By the time you've seen that ending, though, you'll have unlocked the majority of Marius' upgrades, and there's nothing like enough substance to the gameplay to tempt you to run the campaign on another difficulty setting or to lure you into long-term engagement with the two-player arena mode. There's no brains, no muscle, no fibre beneath Ryse's extravagantly engineered good looks - this game rings loud but hollow. Crytek likes to contrast Marius' moral strength with the vanity and cruelty of Nero and his made-up sons, but Ryse feels like a product of their dying empire. It's just empty decadence.
Ryse is an entertaining ride that often values spectacle over skill.
Ryse: Son of Rome's combat and incredible graphics are entertaining, but it's too narrow and repetitive, even for a short game.
A shallow and unambitious tech demo, of the sort that console launches specialise in. The action works perfectly well but it's instantly repetitive to the point of inanity.
Ryse will undoubtedly exceed your expectations with its interesting story and unbelievable visuals. Combat might get repetitive, but you'll enjoy your time as a Roman soldier.
In the five hours it took to complete Ryse, I experienced a whirlwind of excitement and disgust. I loved the sights, sounds, and basic combat, and loathed the finishers and gameplay deviations
Ryse is beautiful but hollow
Ryse: Son of Rome is a repetitive and tedious homage to the gruesome battles showcased in the film 300.
Probably the best graphical showcase exclusive to Xbox One and a fun game if you're willing to learn its combat system--and aren't squeamish.
Ryse leans too heavily on its merely decent combat, but at least it looks really, really nice doing so.
RYSE's stunning visuals, solid story and a nearly unmatched cinematic flair, are unfortunately offset by simple and repetitive combat, and gameplay that offers little challenge.
In fact, the promising arena mode is the only saving grace of Ryse. The campaign may as well not even be there, and having to fight the same handful of enemies over and over on top of a trite, stereotypical narrative is not an example of a good time. Ryse looks great and has a lot of great ideas, but it falls flat in nearly every respect in regards to its core story. If you're a hardcore action fan you may get some satisfaction on the highest difficulty setting, but even then I'd wait for an equally hardcore price drop.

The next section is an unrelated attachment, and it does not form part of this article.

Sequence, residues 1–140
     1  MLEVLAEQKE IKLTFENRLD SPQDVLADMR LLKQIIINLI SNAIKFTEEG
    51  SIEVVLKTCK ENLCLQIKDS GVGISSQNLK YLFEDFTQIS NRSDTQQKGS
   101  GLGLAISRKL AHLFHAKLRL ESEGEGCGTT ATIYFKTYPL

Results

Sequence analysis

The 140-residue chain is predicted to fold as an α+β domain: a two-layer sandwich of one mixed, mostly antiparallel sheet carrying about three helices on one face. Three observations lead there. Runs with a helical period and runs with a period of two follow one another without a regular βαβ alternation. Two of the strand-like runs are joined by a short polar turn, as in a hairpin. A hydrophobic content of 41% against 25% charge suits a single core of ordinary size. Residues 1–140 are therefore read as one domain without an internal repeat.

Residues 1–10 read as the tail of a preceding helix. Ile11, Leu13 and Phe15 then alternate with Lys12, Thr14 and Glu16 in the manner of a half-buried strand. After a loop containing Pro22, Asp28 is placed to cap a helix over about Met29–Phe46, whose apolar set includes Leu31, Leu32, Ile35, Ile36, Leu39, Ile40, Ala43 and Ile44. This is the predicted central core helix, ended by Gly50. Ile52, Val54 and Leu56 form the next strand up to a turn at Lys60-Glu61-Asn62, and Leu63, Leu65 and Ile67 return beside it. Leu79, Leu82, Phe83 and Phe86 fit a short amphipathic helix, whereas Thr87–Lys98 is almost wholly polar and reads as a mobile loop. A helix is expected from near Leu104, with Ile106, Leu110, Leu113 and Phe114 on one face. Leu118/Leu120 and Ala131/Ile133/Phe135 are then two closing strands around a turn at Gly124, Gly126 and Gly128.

Ryse is an absolutely beautiful game, but all the beauty in the world can't make up for repetitive gameplay that will most likely bore the average gamer, even those who like hack-and-slash.
Ryse is well-suited to make its entrance alongside a new console, as some of its faults can be overlooked for its commendable bravado and convincing demonstration of power. The bloody spectacle of war and gladiatorial combat are thrilling to behold, and Ryse demonstrates competence even if it falls short of mastery. If Rome were to Ryse again, one would imagine it would be greater.
Ryse: Son of Rome isn't terrible. It has its gorgeous visuals, forceful combat system and relatively tight storytelling to recommend it. It's also short, unvaried, hampered by an obsession with QTE events and far shy of a complete game experience. As a game, it won't hold its own next to some of the third-party stars of this holiday season. It has neither the addictive, consuming multiplayer of Call of Duty nor the imaginative scope of God of War, but still holds promise for its next iteration, if that comes.
Ryse is a decent game, given its length, but it's one that is certainly more fun to look at than it is to play. If you're looking for a game that will push your gaming hardware to the limit, then Ryse certainly fits, especially if you're itching to game on 4K hardware. Otherwise, there are better ways to pass the time.
Ryse: Son of Rome might be the best looking game released on either the PS4 or Xbox One. Unfortunately, it's lacking in the gameplay department. You can tell that there's potential here, but it has yet to be reached.
If you can disengage your brain and just plough through the endless array of same-faced enemies, you'll enjoy the glorious visuals and well designed audio – but this is a game destined to be forgotten fairly quickly, even if it does help prove the Xbox One has more power than we first thought.
The visual showpiece for your Xbox One.
When I finished playing this game, I felt like I wanted more. That's the mark of a good game. I also felt like I had played something fresh. If there were 20 games about Rome, this one might not stand out as the most outstanding. But it's good, and there aren't enough tales with a historical background that wind up being big budget video games. I'm glad that Crytek stayed the course on its seven-year journey and finally finished Ryse.